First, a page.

Situated in the far northwest corner of Rwanda, Volcanoes National Park protects the steep rainforest slopes of the magnificent Virungas mountain range. Rare mountain gorillas and golden monkeys reside on the slopes of Rwanda’s Virungas, just a three-hour drive from Kigali International Airport. The lush slopes of these volcanoes provide a dramatic natural setting for one of the most thrilling and memorable wildlife experiences – seeing the mountain gorilla in its natural habitat. Roughly half of the world’s wild population of mountain gorillas is resident on the Rwandan slopes of the Virungas.


Over 50 years ago American Dian Fossey flew to Rwanda to study the country’s gravely threatened mountain gorillas. She hiked into the Virunga Mountains, pitched two tents and established the Karisoke Research Center. Fossey’s zealous work captivated the world, and she is widely credited with saving mountain gorillas from extinction. It was thought at the time that mountain gorillas might go extinct by the year 2000. But instead their population has doubled. In the region where Dian worked, they’ve gone from 240 individuals to just over 600.


Although she was murdered in 1985 under still-mysterious circumstances, her legacy persists. Fifty years later Karisoke is now the longest-running gorilla research program, operated by the nonprofit Dian Fossey Gorilla Fund International. It’s a great conservation success story, but the population is still incredibly fragile. There are another small population of about 500 individuals in Uganda, that means the that on the entire planet, there are fewer than 1 100 Mountain Gorillas remaining. They are one of the most endangered mammals on the planet.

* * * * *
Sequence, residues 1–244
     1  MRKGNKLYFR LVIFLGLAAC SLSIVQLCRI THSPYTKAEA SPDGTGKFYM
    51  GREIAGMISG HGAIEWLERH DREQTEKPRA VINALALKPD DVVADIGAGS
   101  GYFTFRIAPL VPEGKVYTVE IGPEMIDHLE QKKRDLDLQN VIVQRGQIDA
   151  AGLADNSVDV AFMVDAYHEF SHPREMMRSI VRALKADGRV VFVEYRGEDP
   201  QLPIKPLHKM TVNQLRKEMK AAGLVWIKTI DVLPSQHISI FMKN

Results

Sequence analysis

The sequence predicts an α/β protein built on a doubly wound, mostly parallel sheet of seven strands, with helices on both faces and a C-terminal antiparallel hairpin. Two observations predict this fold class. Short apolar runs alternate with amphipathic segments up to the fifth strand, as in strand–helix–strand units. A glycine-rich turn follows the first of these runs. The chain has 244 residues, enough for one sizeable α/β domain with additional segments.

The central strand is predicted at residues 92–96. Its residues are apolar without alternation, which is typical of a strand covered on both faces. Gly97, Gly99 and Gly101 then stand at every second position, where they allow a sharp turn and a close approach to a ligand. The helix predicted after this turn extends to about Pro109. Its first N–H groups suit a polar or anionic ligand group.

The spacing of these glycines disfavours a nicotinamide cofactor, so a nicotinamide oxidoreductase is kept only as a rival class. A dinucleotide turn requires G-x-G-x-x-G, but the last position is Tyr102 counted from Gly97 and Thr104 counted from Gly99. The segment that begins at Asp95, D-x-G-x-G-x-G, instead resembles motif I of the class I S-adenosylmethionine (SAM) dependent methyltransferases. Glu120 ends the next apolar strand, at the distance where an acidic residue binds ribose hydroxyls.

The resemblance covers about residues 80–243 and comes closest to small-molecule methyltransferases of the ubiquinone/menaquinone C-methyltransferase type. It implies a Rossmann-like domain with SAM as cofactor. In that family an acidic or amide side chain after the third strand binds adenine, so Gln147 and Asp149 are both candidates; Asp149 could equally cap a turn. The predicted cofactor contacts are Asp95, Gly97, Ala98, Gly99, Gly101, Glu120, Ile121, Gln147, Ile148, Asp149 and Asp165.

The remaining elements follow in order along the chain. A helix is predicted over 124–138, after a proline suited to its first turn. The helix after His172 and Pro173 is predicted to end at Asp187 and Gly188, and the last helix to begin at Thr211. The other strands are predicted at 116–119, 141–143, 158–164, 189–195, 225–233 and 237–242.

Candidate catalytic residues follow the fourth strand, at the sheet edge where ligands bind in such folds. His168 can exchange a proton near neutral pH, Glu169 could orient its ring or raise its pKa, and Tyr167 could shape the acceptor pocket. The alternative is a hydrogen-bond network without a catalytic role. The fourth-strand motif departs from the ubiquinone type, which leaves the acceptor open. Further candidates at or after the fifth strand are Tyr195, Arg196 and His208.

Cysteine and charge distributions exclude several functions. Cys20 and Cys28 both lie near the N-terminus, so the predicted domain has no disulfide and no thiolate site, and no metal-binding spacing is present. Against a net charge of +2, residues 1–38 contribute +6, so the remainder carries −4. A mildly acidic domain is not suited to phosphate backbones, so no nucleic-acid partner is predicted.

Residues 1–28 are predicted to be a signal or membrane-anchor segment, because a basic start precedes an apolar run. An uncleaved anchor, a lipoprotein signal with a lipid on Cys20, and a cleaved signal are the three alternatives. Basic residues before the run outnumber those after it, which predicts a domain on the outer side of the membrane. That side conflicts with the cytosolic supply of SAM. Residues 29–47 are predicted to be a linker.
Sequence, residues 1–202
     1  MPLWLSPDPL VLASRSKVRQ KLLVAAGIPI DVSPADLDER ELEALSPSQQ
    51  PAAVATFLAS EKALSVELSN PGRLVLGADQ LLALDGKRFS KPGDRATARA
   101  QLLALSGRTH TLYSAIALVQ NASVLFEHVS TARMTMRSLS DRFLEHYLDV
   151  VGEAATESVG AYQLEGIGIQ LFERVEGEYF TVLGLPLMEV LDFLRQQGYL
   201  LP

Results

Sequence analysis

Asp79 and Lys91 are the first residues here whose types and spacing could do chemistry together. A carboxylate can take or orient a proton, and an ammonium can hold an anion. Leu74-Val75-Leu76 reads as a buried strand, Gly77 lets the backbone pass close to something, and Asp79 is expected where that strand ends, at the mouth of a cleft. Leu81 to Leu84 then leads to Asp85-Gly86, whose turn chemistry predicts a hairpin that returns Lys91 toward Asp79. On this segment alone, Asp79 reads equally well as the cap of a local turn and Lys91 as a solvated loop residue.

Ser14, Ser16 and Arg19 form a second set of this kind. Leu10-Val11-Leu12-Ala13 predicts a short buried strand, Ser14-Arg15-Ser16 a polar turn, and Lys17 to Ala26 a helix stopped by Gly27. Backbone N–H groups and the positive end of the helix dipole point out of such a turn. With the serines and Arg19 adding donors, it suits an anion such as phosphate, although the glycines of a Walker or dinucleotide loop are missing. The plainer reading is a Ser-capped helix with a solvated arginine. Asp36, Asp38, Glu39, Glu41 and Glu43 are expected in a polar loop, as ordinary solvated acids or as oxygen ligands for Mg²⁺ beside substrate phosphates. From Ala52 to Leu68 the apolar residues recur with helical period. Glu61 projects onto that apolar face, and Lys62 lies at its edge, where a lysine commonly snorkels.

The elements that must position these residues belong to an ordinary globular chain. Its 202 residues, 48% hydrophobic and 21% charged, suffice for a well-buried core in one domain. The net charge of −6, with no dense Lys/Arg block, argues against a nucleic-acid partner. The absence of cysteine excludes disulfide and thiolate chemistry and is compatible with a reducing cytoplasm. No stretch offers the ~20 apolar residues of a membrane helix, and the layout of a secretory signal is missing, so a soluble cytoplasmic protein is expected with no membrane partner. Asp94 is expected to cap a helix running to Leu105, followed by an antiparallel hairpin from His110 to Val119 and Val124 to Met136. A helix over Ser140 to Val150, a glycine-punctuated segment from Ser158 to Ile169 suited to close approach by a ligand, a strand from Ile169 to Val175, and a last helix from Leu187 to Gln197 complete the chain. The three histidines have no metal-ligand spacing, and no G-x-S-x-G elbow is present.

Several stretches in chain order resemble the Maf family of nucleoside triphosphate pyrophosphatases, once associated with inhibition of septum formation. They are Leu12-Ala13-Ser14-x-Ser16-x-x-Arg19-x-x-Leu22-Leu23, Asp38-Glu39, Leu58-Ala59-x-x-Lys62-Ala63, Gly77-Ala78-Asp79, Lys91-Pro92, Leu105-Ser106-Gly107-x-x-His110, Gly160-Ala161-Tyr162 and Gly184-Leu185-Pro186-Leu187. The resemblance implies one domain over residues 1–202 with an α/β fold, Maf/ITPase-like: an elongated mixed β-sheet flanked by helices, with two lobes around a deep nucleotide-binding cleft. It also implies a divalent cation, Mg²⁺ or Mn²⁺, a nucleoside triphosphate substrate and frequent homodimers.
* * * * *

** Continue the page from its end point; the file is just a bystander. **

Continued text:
One of the major threats for mountain gorillas in Dian Fossey’s time was poaching, primarily for souvenirs. Luckily those are not problems for the mountain gorillas anymore, the biggest risk now is that they have a very small habitat.


Being immersed within a group of mountain gorillas is one of the most wholesome wildlife photography experiences there is, a life-long dream for most wildlife and nature lovers.  Between the raw beauty, charisma, and proximity with which you can photograph these amazing primates, it’s sure to be one of the most spectacular and dramatic photographic moments of your life. The gorillas are much more incredible in real life than can ever be shown with an image. The sheer size of the silverback males is astounding – they often weigh over 200kg.


The toddlers and juveniles love fooling around, dangling from branches and making funny faces. You are not allowed to approach the gorillas too closely, but that doesn’t mean a curious youngster can’t take interest and inspect you.


Rwanda has a temperate tropical highland climate, and – thanks to its high elevation – lower temperatures than you would expect for an equatorial country. Kigali’s daily temperatures range from 12 °C to 27 °C, with very little variation throughout the year. The mountainous north-west, is generally cooler than the lower-lying east.


Rwanda has two rainy seasons: the first is from around February to June and the second from September through December. These are separated by two dry seasons: June to September, during which there is often no rainfall at all, and a shorter dry period from December to February. Typically, the west and North-west of Rwanda receives more rainfall annually than the South-east and east of the country.